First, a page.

Intro to APIs: What’s an API and How Can I Use One? was led by Neal Feierabend, also of Code for NRV (slides follow the scraping slides with slide 17). After an explanation of what APIs (application programming interfaces) are and what types are available, the live demo explored a few APIs, beginning with the Google Maps API. Use of this API is free up to a certain number of page loads, and usage beyond that requires a fee– a model used by many popular APIs. This is one reason Craigslist switched from Google Maps to OpenStreetMap, which as an open mapping tool enables download of the data. Generally, good APIs are those that are well documented. Both Neal and Ben attested to the value of using Stack Overflow and searching the web when encountering coding problems. After the session I found out there are also web services for data extraction like import.io.
Thanks to all of our presenters and attendees, and please let us know if you have suggestions for Open Data Week programs. We hope to do it again next year!
As part of Open Access Week, the University Libraries and the Graduate School offered a travel scholarship to OpenCon 2015, a conference for early career researchers on open access, open data, and open educational resources. From a pool of many strong essay applications, we chose Sreyoshi Bhaduri, a Ph.D. student in engineering education. Sreyoshi attended the conference in Brussels, Belgium on November 13-16, and sent the report below. Be sure to check out the OpenCon 2015 highlights.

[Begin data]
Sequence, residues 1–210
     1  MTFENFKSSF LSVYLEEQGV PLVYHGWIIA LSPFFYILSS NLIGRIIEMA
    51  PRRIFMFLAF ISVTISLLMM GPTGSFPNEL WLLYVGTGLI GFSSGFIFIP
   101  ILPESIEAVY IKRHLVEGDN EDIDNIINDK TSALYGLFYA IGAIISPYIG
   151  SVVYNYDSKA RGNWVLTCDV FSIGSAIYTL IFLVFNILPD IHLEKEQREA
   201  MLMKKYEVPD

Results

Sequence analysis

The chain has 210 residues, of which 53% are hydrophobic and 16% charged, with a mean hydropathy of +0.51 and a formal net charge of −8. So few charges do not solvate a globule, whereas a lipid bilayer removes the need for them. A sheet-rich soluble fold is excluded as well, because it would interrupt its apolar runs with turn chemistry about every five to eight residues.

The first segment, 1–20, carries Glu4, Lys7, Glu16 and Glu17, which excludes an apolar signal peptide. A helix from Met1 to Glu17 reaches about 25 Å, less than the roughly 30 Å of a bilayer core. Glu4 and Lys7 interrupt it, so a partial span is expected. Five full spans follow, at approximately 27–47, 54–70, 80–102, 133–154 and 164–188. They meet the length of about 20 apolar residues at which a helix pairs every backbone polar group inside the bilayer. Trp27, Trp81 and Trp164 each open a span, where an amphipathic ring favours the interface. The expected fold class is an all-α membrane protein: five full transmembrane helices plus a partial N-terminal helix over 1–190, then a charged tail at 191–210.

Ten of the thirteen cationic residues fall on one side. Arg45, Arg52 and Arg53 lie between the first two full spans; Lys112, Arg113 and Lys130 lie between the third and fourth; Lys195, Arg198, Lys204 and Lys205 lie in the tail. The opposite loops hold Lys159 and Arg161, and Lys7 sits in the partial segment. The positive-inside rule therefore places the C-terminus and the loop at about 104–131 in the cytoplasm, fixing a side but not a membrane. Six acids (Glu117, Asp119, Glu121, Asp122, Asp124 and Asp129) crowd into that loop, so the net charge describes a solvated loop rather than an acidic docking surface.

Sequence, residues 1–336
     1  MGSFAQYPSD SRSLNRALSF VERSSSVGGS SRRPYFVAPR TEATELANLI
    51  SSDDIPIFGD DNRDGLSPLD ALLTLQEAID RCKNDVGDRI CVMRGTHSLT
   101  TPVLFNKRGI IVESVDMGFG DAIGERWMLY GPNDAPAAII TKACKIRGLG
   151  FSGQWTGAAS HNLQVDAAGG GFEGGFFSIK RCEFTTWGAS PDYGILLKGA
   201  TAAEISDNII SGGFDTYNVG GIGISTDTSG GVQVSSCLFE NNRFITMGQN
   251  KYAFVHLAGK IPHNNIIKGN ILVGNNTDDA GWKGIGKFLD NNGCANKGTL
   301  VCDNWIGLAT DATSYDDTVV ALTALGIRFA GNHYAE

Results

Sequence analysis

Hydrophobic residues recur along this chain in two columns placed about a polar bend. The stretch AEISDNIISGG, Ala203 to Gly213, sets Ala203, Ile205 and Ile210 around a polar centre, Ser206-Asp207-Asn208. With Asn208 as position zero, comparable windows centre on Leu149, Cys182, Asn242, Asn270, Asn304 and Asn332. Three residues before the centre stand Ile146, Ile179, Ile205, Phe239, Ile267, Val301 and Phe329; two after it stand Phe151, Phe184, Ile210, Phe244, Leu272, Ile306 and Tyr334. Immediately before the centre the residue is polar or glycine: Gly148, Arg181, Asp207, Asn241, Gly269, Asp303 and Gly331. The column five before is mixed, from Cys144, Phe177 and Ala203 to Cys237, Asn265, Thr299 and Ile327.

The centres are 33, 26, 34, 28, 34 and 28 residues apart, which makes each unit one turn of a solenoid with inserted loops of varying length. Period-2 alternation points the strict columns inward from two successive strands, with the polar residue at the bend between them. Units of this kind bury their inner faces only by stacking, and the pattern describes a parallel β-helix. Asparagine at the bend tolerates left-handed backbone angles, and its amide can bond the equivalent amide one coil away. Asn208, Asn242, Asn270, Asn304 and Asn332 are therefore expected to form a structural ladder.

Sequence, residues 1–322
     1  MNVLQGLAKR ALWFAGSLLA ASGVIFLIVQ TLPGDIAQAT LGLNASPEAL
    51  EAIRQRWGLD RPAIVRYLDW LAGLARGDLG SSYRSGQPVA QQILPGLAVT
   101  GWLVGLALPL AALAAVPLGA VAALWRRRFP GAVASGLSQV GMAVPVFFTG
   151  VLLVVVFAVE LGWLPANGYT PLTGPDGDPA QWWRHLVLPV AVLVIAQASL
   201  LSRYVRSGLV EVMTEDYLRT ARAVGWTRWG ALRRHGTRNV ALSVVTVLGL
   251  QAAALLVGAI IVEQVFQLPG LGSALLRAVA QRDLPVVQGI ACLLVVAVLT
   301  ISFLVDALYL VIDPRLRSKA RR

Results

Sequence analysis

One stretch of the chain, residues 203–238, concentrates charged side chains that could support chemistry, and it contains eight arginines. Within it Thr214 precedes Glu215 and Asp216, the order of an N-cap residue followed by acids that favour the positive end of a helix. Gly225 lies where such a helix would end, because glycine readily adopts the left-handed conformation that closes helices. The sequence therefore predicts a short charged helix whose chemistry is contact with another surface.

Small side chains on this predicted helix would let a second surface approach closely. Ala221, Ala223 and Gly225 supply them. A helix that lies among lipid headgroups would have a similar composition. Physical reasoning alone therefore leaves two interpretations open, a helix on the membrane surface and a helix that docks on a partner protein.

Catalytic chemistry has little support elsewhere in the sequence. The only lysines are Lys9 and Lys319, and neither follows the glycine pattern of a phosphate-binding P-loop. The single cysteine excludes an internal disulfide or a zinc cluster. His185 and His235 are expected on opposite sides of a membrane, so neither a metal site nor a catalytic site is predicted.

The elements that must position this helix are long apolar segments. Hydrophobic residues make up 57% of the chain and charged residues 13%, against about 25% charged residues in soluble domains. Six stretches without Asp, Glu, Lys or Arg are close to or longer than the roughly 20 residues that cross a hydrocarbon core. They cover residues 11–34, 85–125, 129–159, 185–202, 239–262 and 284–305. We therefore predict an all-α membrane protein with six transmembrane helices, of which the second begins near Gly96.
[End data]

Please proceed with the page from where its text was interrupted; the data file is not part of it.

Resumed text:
Sreyoshi Bhaduri writes:
Towards the beginning of Fall 2015, the graduate listserv announced an opportunity for a graduate student to travel to Brussels for a conference on Open initiatives. As a doctoral student starting my second year at the department of Engineering Education, I had been involved with some open education related citizen science endeavors, but was very new to the world of Open. I had always been fascinated with the idea of Open Access and Open Data, which can be understood as “unrestricted access and unrestricted reuse” of data, however I had never really delved deep into understanding and appreciating Open initiatives. Recognizing this as a perfect opportunity to learn more, I applied, detailing my interest in Open Education and eagerness to learn about the same. Application submitted, I promptly forgot about the scholarship, as course-work and exams and deadlines engulfed and occupied all thoughts and activities. On a busy evening in September as I sat finishing an assignment, I received an email from the University Library informing me that I had been selected for the scholarship. I was to represent Virginia Tech at the OpenCon 2015 in Brussels, scheduled for November 2015. This was the start of my journey to getting to know the Open community, and I slowly become an advocate for all things Open.